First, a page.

Battery Endurance Test – Maximize Your Drive Time

 

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What is the best battery? We spend so long in the hobby trying to answer that question ourselves along with seeking opinions on the subject from others. When talking batteries, most people go right to the battery used in the vehicle. But what about the forgotten batteries, the batteries that are essential to making it all happen. Those batteries are the radio batteries and their often just tossed into the radio and forgotten about until we hear lots of beeping to indicate its time for a battery charge or swap. But why not get more out of these batteries too? Wouldn’t it be better if you got more time on the trails rather than spending time trying to figure out if you need new radio batteries? Or perhaps worse, your batteries go dead on the trail leaving you to haul your rig back home by hand.

Battery Test

In this battery discussion, we’re going to look at the popular available options for radio batteries, determining what is the best value and what will give you the best bang for your buck. After All, the longer you’re on the trails, the more time you can spend taking photos and posting them to your social media pages with the hashtag #AxialAdventures.

 

Alkaline

Alkaline AA

These are the most readily available batteries for your transmitter. Alkalines can be found at just about every store you walk into and hobby stores as well. Like any device you install them in, you pull them from the package, install them, use them and toss them in the battery bin at the nearest recycling center when you are done. These cells can last several few months depending on how often you use your RC machine.
EXAMPLE SHOWN:
Brand: Duratrax/ Onyx
Voltage: 1.5V
Average Capacity (at 50mA Drain): 1800-2600mAh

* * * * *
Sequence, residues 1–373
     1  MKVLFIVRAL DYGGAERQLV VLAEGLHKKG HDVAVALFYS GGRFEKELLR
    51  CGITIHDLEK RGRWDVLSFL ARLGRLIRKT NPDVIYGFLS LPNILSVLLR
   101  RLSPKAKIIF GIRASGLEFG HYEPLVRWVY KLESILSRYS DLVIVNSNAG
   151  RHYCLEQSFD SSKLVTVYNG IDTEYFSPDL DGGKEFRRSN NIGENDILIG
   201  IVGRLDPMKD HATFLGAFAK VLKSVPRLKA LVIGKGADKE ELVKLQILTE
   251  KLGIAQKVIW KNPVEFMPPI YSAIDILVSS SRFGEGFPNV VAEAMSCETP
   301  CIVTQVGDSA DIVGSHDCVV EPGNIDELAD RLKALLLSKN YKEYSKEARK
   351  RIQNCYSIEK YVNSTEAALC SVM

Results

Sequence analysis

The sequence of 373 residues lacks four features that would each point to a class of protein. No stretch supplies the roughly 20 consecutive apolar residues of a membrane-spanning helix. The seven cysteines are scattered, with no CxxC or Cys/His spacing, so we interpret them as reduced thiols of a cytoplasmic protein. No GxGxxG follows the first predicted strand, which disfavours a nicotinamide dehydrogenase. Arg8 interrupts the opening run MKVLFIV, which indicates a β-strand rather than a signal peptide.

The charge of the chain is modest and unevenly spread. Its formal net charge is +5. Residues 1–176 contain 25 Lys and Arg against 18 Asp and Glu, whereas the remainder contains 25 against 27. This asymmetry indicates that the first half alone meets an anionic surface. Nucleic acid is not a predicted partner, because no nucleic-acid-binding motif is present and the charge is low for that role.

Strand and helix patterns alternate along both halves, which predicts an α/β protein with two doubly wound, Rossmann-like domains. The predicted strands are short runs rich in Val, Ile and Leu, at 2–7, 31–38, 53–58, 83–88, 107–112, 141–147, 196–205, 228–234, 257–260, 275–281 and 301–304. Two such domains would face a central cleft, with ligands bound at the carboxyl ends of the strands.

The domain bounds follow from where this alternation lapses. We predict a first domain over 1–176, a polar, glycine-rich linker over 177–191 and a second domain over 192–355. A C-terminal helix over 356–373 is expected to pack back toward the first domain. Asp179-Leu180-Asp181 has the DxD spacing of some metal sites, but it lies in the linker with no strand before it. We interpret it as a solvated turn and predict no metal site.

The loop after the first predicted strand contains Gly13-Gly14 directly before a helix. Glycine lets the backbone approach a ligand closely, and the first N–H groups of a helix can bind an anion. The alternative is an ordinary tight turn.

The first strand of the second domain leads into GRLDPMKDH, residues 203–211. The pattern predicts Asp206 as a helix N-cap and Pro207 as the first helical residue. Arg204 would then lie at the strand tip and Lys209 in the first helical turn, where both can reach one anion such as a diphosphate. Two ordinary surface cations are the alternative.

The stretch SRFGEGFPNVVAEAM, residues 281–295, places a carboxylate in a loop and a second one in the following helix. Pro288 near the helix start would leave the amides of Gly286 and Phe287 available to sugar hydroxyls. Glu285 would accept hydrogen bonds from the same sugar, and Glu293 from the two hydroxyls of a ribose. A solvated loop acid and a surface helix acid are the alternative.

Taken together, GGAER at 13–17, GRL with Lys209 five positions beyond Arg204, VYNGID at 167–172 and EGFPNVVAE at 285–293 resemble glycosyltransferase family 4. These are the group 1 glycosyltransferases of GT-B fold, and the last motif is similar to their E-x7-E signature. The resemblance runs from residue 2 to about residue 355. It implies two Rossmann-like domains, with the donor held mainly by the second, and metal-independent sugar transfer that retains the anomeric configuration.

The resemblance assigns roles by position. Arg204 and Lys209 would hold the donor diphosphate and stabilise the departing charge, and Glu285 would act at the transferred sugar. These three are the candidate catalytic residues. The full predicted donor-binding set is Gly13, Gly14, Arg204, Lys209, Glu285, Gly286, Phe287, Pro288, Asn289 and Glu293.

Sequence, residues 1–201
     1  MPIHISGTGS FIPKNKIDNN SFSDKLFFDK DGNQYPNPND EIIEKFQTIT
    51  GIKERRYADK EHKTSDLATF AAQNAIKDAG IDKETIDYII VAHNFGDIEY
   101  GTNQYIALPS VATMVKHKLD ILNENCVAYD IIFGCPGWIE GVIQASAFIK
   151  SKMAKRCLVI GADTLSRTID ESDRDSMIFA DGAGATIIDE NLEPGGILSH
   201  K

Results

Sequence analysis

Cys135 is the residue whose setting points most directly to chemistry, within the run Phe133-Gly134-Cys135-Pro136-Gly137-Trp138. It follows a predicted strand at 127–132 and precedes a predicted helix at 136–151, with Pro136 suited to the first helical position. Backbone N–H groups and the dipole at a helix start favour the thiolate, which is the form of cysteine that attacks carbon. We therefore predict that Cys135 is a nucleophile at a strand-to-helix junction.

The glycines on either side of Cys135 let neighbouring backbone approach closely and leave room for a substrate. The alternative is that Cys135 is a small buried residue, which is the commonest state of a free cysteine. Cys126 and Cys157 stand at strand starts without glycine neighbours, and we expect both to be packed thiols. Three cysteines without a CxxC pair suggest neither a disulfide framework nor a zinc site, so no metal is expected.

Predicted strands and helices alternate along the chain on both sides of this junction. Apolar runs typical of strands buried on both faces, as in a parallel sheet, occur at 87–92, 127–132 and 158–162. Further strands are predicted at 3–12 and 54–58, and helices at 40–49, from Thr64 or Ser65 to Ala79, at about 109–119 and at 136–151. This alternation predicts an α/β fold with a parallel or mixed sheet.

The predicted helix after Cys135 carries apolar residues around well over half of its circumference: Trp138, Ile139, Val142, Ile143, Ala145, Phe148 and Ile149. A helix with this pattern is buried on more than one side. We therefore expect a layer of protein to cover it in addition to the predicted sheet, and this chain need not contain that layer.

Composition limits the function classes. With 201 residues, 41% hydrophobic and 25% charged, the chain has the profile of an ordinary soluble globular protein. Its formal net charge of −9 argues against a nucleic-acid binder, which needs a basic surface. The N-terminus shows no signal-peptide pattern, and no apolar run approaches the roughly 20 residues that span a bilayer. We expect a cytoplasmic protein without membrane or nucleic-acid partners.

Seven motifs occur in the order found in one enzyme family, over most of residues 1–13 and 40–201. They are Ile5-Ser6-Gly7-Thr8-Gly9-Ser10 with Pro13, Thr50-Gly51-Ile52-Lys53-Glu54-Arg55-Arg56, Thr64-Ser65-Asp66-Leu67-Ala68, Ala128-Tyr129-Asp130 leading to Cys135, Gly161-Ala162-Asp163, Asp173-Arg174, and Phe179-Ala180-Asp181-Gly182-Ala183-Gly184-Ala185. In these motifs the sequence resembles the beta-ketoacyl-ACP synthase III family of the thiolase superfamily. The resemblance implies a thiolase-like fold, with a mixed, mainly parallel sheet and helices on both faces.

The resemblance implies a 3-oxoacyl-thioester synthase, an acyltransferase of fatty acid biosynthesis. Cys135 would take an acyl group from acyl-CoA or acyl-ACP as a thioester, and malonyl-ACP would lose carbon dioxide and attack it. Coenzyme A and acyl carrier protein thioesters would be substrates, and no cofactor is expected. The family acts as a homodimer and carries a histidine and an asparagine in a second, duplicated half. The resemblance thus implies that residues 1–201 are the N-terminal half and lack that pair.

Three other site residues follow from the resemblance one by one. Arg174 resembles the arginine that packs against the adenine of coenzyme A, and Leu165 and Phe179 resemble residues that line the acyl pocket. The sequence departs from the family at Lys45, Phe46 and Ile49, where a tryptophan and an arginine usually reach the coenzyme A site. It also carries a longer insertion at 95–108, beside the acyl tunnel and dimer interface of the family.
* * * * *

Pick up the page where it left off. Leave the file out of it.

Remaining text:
Rechargeable: No

Nickle Metal Hydrid

NiMh AA
Nickel Metal Hydrid, now this may be a battery chemistry more familiar to many RC folk. This battery type is used to power many ready to run vehicles as it’s main battery, just in a series of sub-C size cells which are larger than the cells above. But they are the same basic concept, an easy to use, easy and safe rechargeable cell that you can use over and over, sometimes up to several years. You can find these batteries in various capacities and the price may increase depending on the performance of the cell. You’ll need a NiMh compatible charger to recharge these batteries and they are available in different capacities. These batteries can offer consistent operation, but eventually their performance can diminish and you may notice their capacity can lessen over time.
EXAMPLE SHOWN:
Brand: EBL
Voltage: 1.2V
Capacity: 2800mAh
Rechargeable: Yes

Lithium

Lithium AA

Lithium Polymer technology has made its way into an AA sized cell. LiPo cells are known for delivering consistent power through their use and they can be recharged. During their cycle life they will maintain consistency capacity output right up until they reach the end of their life cycle. Life cycle times can vary depending on the cell. Although they cost more than the others in this blog, they are the most powerful rechargeable cell. Depending on the brand you get, charging styles can vary. The cells above are charged by mini-usb style plugs with the included USB cord adapter.
EXAMPLE SHOWN:
Brand: Creative Standard Battery
Voltage: 1.5V
Capacity: 1250mAh
Rechargeable: Yes

 

Lithium Polymer

LiPo AA

Lithium Polymer technology has made its way into an AA sized cell. LiPo cells are known for delivering consistent power through their use and of course they can be recharged. During their cycle life they will maintain consistency capacity output right up until they reach the end of their life cycle. Life cycle times can vary depending on the cell. Although they cost more than the others in this blog, they are a powerful rechargeable cell. Depending on the brand you get, charging styles can vary. The cells above are charged by mini-usb style plugs with the included USB cord adapter.
EXAMPLE SHOWN:
Brand: Creative Standard Battery
Voltage: 1.5V
Capacity: 1250mAh
Rechargeable: Yes

WHAT TO USE
Obviously the more economical choice over the long haul is to utilize a rechargeable battery. A great choice is the NiMh cell that offers consistent performance and long usage. The LiPo battery cost is slightly higher and depending on the cell can have a capacity near many NiMh offerings, but where the LiPo shines is if you are looking for a higher power output on the cell; 1.5 volts versus the NiMh 1.2 volts. Now if you’re an install a battery and toss it (recycle it) when it’s done type driver, the Lithium is a great choice, they’re more expensive than the Alkaline battery, but performance and longevity are the winning factors here. And in the end, don’t knock the Alkaline cells. These things can be snatched up at just about any store and they work, they work well. Just don’t leave them in a radio if you store it for a long time. A leaky Alkaline cell is not pretty.